The standard deviation (STDDev) response time value is used in reports to provide greater depth of analysis. It shows how much variation there is from the average, or mean. A low deviation value indicates that the data points tend to be very close to the mean, whereas a high deviation value indicates that the data are spread out over a large range of values. A low standard deviation implies that there is a more stable, or consistent, performance within the system.
For example, if you wanted to understand the response times of a particular user scenario, such as logging into an account, searching for an item, and then logging out of the account, you might see the average response times for all transactions are relatively the same, however, it does not tell you the full story. Within each iteration that is happening, individual response times may vary dramatically. For better insight into the consistency of a particular step, or transaction, standard deviation is a better metric to evaluate.
In real-world scenarios, it’s often hard to calculate standard deviation as it relates to web page or web application response times, especially with large sets of data that include performance data from multiple monitoring locations, which is why it is necessary to use a solution, such as Dotcom-Monitor, that can easily automate and calculate the standard deviation as it relates to response times.
Calculating Standard Deviation
A solution that utilizes real browser-based synthetic monitoring, such as the Dotcom-Monitor platform, can be used to continually monitor and evaluate response times of web applications, web pages, APIs, and more across various global locations. This data can then be aggregated and organized to understand performance from the perspective of real users, helping to ensure uptime and availability across different geographies and where areas of improvement are necessary.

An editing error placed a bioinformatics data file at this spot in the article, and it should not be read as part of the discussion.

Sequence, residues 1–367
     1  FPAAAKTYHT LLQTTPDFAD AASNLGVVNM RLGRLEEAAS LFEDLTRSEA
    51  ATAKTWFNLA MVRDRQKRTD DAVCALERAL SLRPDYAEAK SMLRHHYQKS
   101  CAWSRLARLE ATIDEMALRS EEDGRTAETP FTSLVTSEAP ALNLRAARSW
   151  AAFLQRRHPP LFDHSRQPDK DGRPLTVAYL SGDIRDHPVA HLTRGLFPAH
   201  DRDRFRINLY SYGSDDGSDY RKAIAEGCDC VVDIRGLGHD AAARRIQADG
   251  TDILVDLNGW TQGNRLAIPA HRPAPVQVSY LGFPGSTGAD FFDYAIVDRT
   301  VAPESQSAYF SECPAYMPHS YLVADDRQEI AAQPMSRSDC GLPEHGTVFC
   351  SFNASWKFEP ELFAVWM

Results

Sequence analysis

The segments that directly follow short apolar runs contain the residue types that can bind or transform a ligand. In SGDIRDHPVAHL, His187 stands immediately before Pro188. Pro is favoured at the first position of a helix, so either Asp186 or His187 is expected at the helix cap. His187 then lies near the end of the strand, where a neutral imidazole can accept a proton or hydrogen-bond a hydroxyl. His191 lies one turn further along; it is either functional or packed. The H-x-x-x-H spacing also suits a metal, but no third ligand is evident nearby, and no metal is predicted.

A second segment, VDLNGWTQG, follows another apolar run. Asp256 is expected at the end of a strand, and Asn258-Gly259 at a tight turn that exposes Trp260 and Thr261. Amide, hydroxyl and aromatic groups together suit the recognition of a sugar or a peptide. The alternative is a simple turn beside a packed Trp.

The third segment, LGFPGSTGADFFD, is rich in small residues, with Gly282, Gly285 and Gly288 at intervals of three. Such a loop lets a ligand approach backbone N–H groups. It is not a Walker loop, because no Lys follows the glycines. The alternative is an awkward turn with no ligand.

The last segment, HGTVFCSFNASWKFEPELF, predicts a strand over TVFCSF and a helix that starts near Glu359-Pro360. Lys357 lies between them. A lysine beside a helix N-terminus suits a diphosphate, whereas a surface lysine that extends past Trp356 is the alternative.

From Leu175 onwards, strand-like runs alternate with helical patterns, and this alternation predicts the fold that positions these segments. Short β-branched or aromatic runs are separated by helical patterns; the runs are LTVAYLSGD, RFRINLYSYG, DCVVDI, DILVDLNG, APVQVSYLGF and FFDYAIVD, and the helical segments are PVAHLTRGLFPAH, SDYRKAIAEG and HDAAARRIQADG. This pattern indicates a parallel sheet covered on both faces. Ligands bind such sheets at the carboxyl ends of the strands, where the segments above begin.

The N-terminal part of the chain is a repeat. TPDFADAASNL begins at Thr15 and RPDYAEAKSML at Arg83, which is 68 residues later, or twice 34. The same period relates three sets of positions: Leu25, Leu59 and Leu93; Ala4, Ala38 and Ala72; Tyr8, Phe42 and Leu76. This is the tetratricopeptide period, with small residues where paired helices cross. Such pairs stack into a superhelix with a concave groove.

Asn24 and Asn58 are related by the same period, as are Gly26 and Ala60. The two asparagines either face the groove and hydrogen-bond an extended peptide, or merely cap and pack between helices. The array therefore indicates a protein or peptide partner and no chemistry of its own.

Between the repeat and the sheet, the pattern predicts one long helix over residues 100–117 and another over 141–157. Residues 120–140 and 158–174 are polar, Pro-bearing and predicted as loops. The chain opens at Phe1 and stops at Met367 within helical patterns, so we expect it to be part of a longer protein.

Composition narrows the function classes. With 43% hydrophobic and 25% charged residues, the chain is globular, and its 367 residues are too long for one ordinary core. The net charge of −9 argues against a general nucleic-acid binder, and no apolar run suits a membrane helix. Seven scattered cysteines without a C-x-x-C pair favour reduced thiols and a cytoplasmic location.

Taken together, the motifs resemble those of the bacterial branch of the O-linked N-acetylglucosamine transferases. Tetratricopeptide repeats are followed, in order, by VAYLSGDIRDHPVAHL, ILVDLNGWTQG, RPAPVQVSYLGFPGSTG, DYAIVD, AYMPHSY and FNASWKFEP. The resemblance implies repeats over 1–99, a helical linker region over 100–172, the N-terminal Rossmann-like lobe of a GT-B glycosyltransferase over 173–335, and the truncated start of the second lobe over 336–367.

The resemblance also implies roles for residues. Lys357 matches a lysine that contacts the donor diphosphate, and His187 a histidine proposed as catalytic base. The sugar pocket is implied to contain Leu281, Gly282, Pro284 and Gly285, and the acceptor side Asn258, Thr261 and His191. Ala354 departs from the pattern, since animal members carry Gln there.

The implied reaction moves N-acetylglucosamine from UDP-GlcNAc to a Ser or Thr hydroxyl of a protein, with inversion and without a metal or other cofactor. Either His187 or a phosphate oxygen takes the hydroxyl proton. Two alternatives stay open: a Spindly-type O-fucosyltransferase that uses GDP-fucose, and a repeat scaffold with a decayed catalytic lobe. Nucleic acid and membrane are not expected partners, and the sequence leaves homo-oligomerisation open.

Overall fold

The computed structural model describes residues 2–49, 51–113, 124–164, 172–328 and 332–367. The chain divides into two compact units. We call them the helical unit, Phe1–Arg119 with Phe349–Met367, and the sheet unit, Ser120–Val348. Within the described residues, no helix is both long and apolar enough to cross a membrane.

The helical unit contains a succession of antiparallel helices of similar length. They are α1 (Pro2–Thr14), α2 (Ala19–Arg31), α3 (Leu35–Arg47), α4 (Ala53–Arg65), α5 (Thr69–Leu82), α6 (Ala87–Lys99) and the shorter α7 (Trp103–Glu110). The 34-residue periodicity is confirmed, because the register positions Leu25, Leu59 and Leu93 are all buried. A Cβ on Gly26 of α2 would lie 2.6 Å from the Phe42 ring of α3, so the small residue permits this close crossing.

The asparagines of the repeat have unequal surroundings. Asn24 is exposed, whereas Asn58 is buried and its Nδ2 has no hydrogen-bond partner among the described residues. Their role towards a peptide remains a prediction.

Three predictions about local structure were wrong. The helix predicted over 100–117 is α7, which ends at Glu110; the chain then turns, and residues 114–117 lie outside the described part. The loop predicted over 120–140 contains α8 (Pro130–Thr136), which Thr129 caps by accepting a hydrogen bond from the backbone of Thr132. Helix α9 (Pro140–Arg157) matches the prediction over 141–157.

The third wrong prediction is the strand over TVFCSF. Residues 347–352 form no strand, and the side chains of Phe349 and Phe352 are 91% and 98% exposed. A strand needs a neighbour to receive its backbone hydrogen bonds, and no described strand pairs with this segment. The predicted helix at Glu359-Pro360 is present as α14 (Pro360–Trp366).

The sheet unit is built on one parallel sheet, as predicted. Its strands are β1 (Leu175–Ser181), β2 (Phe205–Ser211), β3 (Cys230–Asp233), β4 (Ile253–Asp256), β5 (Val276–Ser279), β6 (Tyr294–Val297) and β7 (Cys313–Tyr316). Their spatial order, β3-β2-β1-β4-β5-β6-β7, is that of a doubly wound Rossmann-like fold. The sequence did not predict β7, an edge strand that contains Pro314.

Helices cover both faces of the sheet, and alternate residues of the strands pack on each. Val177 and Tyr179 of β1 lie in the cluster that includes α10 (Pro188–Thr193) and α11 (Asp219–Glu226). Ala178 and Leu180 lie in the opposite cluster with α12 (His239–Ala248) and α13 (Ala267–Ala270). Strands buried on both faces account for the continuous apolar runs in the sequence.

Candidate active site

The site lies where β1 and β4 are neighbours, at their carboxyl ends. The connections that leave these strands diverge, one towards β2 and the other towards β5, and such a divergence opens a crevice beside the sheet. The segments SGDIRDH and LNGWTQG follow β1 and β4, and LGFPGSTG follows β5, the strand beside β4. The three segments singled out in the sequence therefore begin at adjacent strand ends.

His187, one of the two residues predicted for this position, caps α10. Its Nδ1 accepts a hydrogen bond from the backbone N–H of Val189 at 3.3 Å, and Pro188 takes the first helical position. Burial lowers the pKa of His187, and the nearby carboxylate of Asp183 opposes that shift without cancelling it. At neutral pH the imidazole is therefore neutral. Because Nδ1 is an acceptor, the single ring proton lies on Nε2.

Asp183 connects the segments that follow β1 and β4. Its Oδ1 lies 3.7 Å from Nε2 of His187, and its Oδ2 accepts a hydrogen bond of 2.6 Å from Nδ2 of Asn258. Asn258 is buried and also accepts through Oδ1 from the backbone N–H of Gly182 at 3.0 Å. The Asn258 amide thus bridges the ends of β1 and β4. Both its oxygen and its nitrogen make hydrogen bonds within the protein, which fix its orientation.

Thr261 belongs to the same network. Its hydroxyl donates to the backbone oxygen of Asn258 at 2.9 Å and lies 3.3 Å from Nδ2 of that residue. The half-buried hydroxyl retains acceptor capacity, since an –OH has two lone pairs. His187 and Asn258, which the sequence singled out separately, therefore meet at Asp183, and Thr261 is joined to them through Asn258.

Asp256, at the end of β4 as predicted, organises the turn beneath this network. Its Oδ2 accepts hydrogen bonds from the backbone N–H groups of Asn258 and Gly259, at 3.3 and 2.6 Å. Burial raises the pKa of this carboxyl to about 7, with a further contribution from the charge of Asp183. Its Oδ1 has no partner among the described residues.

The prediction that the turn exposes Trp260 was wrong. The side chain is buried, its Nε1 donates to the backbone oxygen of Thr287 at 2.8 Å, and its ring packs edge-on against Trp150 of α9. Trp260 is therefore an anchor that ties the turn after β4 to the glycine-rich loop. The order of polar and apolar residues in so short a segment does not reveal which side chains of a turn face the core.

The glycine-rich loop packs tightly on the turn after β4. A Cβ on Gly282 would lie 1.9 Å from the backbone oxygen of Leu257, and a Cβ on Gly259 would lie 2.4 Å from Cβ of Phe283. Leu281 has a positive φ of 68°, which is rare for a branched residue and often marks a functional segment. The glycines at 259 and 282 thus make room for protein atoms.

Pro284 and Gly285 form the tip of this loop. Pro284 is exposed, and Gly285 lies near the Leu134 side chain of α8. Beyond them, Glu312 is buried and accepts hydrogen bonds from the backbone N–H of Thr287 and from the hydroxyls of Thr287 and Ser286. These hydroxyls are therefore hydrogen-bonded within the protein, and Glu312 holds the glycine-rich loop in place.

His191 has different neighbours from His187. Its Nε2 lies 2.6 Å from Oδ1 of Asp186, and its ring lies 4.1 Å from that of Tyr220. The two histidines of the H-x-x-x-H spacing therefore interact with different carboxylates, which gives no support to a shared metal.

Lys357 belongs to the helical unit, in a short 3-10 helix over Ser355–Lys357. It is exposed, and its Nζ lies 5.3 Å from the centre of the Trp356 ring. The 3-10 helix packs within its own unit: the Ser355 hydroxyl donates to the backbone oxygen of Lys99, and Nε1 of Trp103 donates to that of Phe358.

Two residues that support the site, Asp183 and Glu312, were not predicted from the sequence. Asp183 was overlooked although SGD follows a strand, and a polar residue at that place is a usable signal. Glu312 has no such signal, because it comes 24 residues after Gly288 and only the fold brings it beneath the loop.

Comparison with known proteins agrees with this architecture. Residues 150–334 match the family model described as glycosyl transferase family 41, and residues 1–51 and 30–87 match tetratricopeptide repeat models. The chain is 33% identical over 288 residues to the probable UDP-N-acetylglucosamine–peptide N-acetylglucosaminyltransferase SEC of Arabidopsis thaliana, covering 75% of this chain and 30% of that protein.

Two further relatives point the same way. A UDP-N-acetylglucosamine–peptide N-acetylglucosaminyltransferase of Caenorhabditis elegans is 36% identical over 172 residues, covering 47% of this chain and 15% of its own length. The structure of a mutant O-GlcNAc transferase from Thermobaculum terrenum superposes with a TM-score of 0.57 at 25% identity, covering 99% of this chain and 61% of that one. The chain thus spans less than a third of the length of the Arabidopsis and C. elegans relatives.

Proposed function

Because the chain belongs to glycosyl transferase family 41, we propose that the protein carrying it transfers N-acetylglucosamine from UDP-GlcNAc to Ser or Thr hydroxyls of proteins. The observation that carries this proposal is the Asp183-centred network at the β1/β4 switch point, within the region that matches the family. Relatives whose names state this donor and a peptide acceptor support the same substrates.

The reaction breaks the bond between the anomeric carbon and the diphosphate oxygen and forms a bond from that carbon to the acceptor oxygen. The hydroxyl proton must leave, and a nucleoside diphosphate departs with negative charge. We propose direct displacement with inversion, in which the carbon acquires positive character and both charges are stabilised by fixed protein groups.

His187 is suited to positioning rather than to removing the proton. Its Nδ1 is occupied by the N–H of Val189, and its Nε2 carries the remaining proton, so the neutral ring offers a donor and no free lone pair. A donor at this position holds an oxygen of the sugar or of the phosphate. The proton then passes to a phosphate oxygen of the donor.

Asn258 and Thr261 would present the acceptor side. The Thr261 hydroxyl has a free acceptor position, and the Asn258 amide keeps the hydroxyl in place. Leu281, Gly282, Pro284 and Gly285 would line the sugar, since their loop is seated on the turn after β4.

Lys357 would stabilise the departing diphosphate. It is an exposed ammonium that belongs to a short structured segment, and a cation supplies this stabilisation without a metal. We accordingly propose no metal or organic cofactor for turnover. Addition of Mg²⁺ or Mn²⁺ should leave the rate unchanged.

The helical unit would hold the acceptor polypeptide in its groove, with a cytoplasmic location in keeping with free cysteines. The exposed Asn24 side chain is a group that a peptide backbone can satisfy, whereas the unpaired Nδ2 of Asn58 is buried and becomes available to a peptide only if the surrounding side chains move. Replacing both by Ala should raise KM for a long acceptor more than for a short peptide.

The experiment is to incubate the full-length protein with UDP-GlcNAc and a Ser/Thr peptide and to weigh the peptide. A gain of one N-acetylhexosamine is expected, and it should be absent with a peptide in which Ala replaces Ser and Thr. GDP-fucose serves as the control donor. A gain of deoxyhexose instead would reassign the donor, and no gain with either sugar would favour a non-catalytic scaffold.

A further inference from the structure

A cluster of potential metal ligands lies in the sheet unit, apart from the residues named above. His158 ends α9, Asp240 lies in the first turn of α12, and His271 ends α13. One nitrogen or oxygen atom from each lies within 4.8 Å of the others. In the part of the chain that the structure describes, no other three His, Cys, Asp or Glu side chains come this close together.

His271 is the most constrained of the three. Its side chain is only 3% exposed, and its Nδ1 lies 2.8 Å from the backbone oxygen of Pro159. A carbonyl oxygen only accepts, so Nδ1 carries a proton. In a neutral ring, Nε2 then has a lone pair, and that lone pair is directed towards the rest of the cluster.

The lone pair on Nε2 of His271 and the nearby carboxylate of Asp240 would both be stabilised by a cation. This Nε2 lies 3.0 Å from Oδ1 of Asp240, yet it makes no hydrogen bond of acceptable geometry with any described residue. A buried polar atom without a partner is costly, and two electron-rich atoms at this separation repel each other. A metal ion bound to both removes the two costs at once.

In other words, a higher value shows that something is causing response times to jump around and this indicates unstable service performance.
The Dotcom-Monitor solution utilizes the formula below for calculating the standard deviation value. In this calculation, x represents the duration and n represents the response quantity.
Let’s break this calculation down further to better understand how the standard deviation is calculated.
Step 1: Calculate the mean. The mean is simply the average of all the response times. This is calculated by adding all the response times together and divide by the total number of transactions.
Step 2: Calculate variance. Variance is calculated by taking each response time and subtracting it from the mean. Note that this may end up with a negative number, but each result is squared, so it will become a positive number. The last piece is to add up each of the squared values.
Step 3: Calculate standard deviation. This last step is fairly straightforward. Simply take the total of all the squared values from the previous step and find the square root of that value. That will be your standard deviation.
Within the Global and Online Reporting options, you can view performance data, such as average response, uptime and downtime, waterfall charts, and standard deviation across monitoring solutions and monitoring tasks. To see an example of the types of reports available, visit our Email Global Reports Knowledge Base article.
Additionally, for scenarios where Web Application monitoring or Web Page monitoring was used, a video playback is available for users to review. Video playback is synced with a waterfall chart, along with network metrics, to help visually pinpoint where errors occur within web applications or web pages. For more information about running Online and Performance Reports within the Dotcom-Monitor platform, visit our Online Report Overview Knowledge Base article.